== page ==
Other key changes include the new options in the VR editor, including a new control system for editing scenes within virtual reality, plus the option to run physics simulations or edit animation sequences within VR.
Again, we covered the new VR Mode features in detail when Epic previewed them at GDC, so we won’t discuss them here.
New Sequencer features: animate material properties globally; new pre-roll and post-roll states
Sequencer, Unreal Engine’s built-in editor for cinematic content, also gets a number of new features, including the option to animate Material Parameter Collections, as shown in the video above.
The change makes it possible to animate the parameters of materials globally, rather than having to edit the their values for each instance of a material individually.
Tracks in the Sequencer editor also now have pre-roll and post-roll behaviours; plus the option to retain parameter values at the end of a track or to return them to their original state.
Tracks at a lower level in the level sequence hierarchy also now take precedence over those higher in the sequence – so changes made to a shot override those made to an entire sequence, for example.
Other changes: more art tools, new audio engine, new asset manager
Other changes in Unreal Engine 4.16 include the option to bake opacity values and opacity masks when generating LODs, plus improvements to mesh painting and colour grading, including a new HSV mode.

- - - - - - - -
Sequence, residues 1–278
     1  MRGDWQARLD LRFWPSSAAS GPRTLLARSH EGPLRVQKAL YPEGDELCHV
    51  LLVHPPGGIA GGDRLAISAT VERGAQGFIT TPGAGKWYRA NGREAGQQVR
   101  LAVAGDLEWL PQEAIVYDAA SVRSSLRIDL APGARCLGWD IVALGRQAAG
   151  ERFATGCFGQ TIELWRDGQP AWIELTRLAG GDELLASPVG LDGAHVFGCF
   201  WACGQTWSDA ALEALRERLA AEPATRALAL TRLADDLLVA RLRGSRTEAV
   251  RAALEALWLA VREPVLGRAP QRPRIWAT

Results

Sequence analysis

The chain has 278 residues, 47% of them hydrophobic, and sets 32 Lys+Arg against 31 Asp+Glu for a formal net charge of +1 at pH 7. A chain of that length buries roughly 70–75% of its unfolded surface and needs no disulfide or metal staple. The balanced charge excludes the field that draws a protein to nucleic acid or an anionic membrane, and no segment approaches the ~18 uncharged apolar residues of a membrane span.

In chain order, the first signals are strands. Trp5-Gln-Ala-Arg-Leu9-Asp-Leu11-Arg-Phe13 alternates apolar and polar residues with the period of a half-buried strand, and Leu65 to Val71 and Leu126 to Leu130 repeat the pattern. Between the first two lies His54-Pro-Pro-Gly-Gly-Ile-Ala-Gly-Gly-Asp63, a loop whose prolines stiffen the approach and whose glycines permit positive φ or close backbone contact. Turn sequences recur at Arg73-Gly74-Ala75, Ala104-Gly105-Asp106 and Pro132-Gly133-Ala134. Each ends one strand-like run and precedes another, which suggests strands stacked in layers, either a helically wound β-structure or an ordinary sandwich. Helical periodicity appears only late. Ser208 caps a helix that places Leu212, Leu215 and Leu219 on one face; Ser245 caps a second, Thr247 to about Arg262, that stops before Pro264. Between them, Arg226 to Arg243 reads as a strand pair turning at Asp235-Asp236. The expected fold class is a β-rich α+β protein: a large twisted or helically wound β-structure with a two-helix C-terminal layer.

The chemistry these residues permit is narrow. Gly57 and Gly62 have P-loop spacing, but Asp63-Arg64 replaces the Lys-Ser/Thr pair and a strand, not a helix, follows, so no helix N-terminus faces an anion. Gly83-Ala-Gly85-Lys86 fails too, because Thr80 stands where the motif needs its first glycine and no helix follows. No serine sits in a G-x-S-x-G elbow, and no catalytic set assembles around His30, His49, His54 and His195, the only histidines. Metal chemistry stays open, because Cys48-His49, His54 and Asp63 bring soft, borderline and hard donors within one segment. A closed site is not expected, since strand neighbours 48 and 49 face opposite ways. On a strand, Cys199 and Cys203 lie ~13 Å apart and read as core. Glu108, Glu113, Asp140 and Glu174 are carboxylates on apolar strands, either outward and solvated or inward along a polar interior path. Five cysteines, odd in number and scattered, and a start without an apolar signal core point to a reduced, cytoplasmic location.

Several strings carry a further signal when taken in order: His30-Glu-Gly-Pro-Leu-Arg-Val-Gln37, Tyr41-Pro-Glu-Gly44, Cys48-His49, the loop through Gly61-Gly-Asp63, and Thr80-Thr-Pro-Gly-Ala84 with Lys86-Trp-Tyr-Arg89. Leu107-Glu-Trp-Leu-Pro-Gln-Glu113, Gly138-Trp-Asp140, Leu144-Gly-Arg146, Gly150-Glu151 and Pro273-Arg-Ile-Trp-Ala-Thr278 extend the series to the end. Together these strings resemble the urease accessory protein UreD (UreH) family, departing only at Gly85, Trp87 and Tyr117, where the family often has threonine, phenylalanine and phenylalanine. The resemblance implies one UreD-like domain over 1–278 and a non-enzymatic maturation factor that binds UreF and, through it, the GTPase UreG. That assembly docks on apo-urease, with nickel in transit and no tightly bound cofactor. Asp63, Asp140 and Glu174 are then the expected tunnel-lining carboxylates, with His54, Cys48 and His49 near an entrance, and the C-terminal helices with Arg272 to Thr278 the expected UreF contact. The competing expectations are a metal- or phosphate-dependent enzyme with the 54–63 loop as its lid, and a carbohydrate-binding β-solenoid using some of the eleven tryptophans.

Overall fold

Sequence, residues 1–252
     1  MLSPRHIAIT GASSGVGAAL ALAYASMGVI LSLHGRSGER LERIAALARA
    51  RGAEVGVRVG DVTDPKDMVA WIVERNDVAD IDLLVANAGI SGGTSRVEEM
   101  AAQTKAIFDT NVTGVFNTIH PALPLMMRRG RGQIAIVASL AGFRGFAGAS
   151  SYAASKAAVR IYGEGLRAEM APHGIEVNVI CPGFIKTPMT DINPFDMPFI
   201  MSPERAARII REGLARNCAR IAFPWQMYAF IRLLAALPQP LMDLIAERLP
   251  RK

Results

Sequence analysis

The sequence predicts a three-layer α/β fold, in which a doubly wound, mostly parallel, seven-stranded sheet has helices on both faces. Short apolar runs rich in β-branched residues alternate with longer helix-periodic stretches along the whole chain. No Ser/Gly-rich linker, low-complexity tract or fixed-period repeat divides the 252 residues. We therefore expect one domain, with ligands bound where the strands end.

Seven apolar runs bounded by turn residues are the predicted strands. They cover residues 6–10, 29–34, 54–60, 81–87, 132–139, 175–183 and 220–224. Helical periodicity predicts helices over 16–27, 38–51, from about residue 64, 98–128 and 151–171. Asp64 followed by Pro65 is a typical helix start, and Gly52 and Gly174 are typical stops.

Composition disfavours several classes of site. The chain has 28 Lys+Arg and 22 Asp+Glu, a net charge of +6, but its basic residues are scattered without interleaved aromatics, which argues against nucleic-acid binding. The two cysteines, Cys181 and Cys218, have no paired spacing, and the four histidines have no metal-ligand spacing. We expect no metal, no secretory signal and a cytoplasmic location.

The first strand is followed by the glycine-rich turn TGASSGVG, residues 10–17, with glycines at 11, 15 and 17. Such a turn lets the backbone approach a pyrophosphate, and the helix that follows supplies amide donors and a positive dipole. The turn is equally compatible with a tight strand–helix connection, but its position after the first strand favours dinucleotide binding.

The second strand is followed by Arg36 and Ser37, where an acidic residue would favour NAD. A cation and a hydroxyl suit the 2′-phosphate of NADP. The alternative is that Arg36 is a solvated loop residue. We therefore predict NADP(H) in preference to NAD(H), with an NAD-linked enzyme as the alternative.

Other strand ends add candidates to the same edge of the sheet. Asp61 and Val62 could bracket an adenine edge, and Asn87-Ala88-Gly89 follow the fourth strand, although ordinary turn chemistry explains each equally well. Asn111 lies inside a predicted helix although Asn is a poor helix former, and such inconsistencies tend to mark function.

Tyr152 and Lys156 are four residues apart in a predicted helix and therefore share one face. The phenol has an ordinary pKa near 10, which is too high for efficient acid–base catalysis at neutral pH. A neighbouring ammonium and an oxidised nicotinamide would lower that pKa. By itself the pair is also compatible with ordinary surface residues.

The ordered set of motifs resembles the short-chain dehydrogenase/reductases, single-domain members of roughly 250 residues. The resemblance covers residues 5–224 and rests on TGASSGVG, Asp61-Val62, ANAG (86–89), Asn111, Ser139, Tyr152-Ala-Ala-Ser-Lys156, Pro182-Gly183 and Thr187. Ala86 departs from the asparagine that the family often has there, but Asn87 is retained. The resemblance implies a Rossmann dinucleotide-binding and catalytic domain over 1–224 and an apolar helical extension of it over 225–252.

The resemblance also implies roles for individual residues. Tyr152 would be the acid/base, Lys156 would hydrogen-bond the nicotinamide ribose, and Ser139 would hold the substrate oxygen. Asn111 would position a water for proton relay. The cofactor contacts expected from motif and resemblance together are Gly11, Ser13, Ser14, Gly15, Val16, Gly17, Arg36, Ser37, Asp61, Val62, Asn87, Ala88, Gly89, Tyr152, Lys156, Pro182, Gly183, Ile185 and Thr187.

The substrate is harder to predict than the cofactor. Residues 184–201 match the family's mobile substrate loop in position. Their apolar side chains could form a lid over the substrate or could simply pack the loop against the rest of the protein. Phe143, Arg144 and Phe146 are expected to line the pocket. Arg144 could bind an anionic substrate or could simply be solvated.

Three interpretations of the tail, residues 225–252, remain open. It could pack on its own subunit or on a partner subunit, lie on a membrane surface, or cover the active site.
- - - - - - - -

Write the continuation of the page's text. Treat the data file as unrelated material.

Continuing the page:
Outside the art tools, there is also a new audio engine with support for multiplatform EQ and reverb effects; a submix graph; source effects; real-time audio synthesis; and better audio plugin support.
The new engine – which is backwards-compatible with the existing one – is available in early access on Windows, Mac, iOS, Android and Nintendo Switch.
Game designers get a new Asset Manager: a “new global object that can be used to discover, load, and audit maps and game-specific asset types in the editor or at runtime”.
According to Epic, the new Asset Manager “provides a framework to make it easier to create things like quests, weapons, or heroes and load them on demand”.
There is also a corresponding new Asset Audit window, which can be used to show memory and disk space used by large sets of assets, making it easier to troubleshoot or optimise games.
Performance improvements to rendering and garbage collection
Performance improvements include a 30-50% speed boost in computing Distance Field Ambient Occlusion and Ray Traced Distance Shadows on “current-generation consoles and mid-spec PCs” and a 150% boost in Distance Field Generation.
Garbage collection – the process of deleting unused objects from game memory – is also now “more than twice as fast”
Support for WebAssembly and WebGL 2; DirectX 12 used by default for Xbox One
Changes in the platforms to which games can be published from Unreal Engine include support for the new WebAssembly and WebGL 2 standards when publishing to HTML 5.
In addition, DirectX 12 is now the default renderer when publishing to Xbox One.
Pricing and availability
Unreal Engine 4.16 is available for 64-bit Windows 7+, Mac OS X 10.10.5+ or Linux. Use of the editor is free, but Epic takes 5% of gross beyond the first $3,000 per quarter for any product you release commercially.